A summary of drug-drug interactions and adverse drug reactions connected with metronidazole, a drug widely used in medical and dental practices to counter anaerobic bacteria, amoebae, and parasitic infections.
Metronidazole (1H-imidazole-1-ethanol, 2-methyl-5-nitro-) is an organic compound that is sparingly soluble in water. A crystalline powder, white to pale yellow in color, it darkens on exposure to light. It is available in oral, topical, and parenteral formulations in the United States and Canada under varying brand names, such as Flagyl, Metrogyl, etc.
Dosage forms of metronidazole on the market include tablets: 250 mg, 375 mg, 500mg, and 750 mg ER; lotions: 0.75%; creams: 1% and 0.75%; and gels: topical gel 0.75% and vaginal gel 0.75%. It is also available as an injection for intravenous infusion only. Of note, the parenteral formulation of metronidazole is typically a ready-to-use 100-ml IV single-dose container of sterile, nonpyrogenic metronidazole hydrochloride equivalent to 500 mg of active principle.
Metronidazole is widely used in medical and dental practices for the eradication of anaerobic bacteria, amoebae, and parasitic infections. In the Asian subcontinent, for example, it has been successfully used in combination with mebendazole in the treatment of Taenia species of tapeworm and for guinea worm eradication. In its spectrum of activity, metronidazole encompasses the following micro-organisms:
· Anaerobic Gram-Positive bacilli: Clostridium species and strains of Eubacterium.
· Anaerobic Gram-Negative bacilli: Bacteroides fragilis, B. vulgatus, B. ovatus, B. distasonis, B. thetaiotaomicron, and Fusobacterium species.
· Anaerobic Gram-Positive Cocci: Peptococcus species and Peptostreptococcus species. Gardnerella vaginalis, Entamoeba histolytica, Giardia lamblia, Trichomonas vaginalis, Helicobacter pylori, Blastocystis hominis.
In alcoholics or patients with compromised liver function, in pregnant women, and in children, metronidazole ingestion may trigger debilitating adverse reactions; therefore it is advisable that its use be limited to when it is clearly needed for the eradication of infections.
All healthcare practitioners, including physicians, need more advanced learning on drug-drug interactions and adverse drug reactions connected with metronidazole. FDA requires a boxed warning that notes the possibility, discovered in data from animal studies, of carcinogenicity. Metronidazole is contraindicated in the first trimester of pregnancy and must be used with caution in patients with end-stage renal disease; dosage reduction is warranted if CrCl<10ml/min.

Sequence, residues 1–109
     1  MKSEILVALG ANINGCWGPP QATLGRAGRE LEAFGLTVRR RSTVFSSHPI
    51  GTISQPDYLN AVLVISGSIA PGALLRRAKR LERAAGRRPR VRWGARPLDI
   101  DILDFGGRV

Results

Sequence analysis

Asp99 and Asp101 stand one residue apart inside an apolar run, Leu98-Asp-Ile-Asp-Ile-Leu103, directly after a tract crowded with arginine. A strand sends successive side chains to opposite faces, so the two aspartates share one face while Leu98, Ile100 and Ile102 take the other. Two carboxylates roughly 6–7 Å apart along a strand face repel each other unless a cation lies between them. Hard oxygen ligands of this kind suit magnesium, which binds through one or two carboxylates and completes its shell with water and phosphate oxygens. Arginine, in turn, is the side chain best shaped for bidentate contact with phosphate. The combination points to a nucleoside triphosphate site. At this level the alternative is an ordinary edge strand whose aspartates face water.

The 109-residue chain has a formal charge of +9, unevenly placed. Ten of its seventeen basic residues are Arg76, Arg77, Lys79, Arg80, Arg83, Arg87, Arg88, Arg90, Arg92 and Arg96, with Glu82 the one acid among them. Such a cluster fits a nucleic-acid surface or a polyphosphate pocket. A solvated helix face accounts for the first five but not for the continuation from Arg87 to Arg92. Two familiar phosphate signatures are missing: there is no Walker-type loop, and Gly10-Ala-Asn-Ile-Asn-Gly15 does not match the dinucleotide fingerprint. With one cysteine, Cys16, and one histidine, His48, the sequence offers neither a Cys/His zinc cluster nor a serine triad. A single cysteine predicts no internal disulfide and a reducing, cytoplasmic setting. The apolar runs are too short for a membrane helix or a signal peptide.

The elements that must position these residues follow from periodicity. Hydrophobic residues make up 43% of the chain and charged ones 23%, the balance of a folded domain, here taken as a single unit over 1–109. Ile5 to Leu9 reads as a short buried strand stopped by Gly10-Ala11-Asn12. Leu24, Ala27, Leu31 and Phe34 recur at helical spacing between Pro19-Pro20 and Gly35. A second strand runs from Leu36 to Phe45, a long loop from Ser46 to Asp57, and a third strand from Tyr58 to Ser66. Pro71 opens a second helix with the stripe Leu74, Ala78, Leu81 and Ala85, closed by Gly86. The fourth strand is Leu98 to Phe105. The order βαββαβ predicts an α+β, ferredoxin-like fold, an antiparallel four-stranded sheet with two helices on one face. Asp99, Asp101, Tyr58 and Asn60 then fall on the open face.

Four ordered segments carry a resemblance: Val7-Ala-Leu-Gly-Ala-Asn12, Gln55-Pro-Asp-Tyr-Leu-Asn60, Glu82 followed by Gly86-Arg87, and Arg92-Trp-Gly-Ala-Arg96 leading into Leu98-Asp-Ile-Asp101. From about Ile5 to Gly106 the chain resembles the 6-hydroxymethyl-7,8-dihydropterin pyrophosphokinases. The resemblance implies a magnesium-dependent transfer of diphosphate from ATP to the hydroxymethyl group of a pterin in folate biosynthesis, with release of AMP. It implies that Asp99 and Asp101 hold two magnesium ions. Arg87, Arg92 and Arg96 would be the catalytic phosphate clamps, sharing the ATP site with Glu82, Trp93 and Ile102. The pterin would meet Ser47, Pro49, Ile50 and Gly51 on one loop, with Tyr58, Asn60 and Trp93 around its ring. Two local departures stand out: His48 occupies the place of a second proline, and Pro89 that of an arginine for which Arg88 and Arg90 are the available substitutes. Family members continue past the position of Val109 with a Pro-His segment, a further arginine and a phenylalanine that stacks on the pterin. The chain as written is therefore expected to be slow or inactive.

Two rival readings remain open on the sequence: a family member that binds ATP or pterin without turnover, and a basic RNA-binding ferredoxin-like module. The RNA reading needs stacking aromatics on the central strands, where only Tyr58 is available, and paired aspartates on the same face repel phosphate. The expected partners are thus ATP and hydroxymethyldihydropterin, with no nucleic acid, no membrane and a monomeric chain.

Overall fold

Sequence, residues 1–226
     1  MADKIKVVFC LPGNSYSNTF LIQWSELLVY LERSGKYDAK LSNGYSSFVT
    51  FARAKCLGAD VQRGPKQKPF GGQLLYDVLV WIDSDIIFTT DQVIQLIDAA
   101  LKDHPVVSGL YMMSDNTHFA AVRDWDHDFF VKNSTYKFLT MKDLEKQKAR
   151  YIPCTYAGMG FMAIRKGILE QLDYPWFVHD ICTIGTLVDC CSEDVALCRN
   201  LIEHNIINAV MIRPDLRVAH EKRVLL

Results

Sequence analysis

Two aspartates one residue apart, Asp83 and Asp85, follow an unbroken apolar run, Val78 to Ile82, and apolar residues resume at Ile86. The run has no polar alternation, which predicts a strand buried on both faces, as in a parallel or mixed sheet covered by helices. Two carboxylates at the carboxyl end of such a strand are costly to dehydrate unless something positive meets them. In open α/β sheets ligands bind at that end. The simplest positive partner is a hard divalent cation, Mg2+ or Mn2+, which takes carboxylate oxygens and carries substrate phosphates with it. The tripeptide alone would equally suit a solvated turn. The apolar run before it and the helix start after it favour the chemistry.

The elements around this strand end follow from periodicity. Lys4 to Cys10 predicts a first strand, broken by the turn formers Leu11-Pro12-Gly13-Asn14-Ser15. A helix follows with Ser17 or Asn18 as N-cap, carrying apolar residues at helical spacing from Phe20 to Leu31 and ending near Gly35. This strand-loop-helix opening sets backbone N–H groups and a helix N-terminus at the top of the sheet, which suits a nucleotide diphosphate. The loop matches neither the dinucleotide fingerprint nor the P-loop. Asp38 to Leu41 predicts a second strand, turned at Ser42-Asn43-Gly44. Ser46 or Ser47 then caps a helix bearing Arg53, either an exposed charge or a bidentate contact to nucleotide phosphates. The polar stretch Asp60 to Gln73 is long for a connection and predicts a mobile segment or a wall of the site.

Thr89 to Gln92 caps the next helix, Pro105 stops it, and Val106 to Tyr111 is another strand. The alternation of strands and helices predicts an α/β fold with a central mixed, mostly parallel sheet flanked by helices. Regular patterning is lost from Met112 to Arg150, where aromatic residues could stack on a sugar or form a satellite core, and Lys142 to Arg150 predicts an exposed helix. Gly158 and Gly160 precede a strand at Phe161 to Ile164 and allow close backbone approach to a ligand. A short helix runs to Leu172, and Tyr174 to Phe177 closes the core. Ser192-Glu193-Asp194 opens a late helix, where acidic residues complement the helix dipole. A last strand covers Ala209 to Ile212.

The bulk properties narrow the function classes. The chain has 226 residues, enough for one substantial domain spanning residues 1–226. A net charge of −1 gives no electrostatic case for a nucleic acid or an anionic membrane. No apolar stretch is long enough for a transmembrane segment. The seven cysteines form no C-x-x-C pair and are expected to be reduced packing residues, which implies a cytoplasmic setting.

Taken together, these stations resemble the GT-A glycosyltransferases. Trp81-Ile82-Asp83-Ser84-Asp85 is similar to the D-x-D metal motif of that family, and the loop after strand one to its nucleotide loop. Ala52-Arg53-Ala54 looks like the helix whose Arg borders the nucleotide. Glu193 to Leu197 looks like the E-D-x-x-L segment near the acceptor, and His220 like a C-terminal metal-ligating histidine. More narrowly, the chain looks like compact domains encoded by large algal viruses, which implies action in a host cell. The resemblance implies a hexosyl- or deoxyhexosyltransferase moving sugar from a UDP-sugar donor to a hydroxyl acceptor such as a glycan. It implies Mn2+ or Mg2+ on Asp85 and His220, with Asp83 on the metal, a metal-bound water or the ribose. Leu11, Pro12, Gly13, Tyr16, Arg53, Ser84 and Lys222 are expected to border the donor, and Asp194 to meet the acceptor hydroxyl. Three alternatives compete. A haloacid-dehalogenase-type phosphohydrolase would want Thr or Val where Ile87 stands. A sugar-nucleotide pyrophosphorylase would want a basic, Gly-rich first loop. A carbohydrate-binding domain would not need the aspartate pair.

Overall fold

One classic adverse reaction from metronidazole ingestion is the disulfiram reaction, first noted by two Danish physicians. Like disulfiram (Antabuse; Wyeth-Ayerst), metronidazole blocks the hepatic oxidation of acetaldehyde, an intermediate step in the metabolism of alcohol, causing an accumulation of acetaldehyde in the blood, with resultant severe nausea and vomiting.1 Pharmaceutical products containing alcohol, however small the amount, will induce this manner of severe adverse reaction in patients who are on concurrent metronidazole therapy.
Examples of medications that may trigger this reaction include:
· Lopinavir/ritonavir oral solution (Kaletra; Abbott), which contains 42% alcohol
· Oral cough/cold preparations containing benzyl alcohol as a base/preservative (Edwards et al1 have described a case in which a patient given clindamycin and metronidazole at different times in the day still developed intractable nausea and vomiting)
· Tipranavir capsules, which contain 7% w/w of alcohol, will cause a disulfiram-like reaction with metronidazole.
In The Journal of Midwifery & Women’s Health2, C.J. Krulewitch described an unusual adverse reaction of severe nausea and vomiting in a 26-year old female (GA P1021 at 40 4/7 weeks), who presented to the labor and delivery ward for induction of labor due to decreased amniotic fluid.
The patient had previously been on a 7-day course of metronidazole for a diagnosis of bacterial vaginosis and had taken her last dose on the day of admission. At 5 a.m. the following morning, the patient was given pitocin and clindamycin 800 mg IV for GBS prophylaxis at 7 a.m., and she had a normal spontaneous vaginal delivery at 9:40am.
However, she developed an intractable and severe nausea and vomiting post-partum that lasted 20 hours and was unrelieved by courses of metoclopramide, prochlorperazine, and diphenhydramine.